Vets issue warning as deadly parvovirus spreads at Ballina
DEADLY canine illness parvovirus is spreading in the Ballina area, prompting vets to warn dog owners to vaccinate pets.
Ballina Veterinary Hospital owner Dr Ian King said he had seen four recent cases of the virus, which caused severe and painful vomiting, diarrhoea and intense depression in dogs.
"That's only one manifestation," he said. "It also causes abortion, devitalised pups to be born, and it can cause cardiac conditions as well."
Ballina Shire Council environmental health manager Rod Willis said the council's pound closed two weeks ago after seven dogs with parvovirus had to be euthanised.
Mr Willis said the pound had been sanitised, cleaned and reopened, but warned pet owners that cases of parvovirus were widely spread.
Dr King said parvovirus could remain in the environment for some time and was spread through faeces or bodily fluids. It could also be passed on by humans through contaminated clothing.
"Any of the bodily discharges from an infected dog will be infective, so if somebody walks in some infected faeces on the footpath, they can transmit it to their home, and if their dog licks at the contaminated boots, you've got transfer.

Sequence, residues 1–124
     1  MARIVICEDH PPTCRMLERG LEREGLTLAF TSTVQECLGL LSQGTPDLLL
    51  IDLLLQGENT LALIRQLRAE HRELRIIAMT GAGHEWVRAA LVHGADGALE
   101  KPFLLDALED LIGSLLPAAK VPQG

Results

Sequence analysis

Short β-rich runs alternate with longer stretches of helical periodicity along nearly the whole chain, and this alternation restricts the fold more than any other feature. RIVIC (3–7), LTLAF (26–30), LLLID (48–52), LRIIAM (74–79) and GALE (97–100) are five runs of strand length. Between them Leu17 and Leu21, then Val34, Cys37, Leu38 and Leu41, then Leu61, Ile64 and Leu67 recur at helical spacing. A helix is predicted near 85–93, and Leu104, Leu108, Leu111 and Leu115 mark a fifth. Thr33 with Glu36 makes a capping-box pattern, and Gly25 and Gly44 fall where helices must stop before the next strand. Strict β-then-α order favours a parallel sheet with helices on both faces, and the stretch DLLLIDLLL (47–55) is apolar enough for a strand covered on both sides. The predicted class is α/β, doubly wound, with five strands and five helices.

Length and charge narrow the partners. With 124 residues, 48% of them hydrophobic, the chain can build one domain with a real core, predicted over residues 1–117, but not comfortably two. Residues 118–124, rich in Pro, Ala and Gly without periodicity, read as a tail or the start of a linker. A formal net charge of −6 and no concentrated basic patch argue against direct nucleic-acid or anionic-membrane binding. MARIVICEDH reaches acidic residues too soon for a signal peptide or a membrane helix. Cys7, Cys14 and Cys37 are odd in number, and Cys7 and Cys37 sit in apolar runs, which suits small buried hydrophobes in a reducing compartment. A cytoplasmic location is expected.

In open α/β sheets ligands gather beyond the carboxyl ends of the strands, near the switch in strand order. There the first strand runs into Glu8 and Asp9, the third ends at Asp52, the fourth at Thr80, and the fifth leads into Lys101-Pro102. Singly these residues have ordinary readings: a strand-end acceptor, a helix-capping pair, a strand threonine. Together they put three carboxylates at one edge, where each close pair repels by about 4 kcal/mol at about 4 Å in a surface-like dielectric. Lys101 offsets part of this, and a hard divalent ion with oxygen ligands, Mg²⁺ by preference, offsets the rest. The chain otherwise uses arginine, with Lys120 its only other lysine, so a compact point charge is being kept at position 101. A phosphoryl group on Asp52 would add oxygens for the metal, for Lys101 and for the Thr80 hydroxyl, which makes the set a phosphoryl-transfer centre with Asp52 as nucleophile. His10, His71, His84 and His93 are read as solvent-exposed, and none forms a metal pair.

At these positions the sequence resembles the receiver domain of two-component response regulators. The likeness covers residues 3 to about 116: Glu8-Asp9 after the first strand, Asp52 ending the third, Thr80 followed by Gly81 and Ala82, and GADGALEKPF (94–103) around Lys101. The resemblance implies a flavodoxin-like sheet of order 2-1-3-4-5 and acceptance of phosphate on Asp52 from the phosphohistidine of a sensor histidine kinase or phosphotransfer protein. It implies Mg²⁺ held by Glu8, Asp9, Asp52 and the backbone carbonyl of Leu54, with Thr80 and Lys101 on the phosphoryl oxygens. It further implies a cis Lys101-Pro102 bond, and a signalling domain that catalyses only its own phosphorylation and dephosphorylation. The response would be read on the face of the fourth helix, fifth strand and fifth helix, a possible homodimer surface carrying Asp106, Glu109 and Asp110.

"An animal will come in contact with an infected animal and within seven to 14 days it will show very acute clinical signs of the virus."
While some animals can overcome the virus in about two weeks through expensive treatment, Dr King said parvovirus was fatal in most cases for dogs less than 18 weeks old.
He said treatment involved the dog being isolated and given intensive therapy with intravenous fluids and antibiotics for up to two weeks.
"There is a suggestion that rottweilers, doberman pincers, pitbulls, labrador retrievers, german shepherds, english springer spaniels and alaskan sled dogs are more susceptible to parvovirus," Dr King said.
But he said unvaccinated dogs of any breed were more likely to be affected by the virus that their vaccinated canine friends.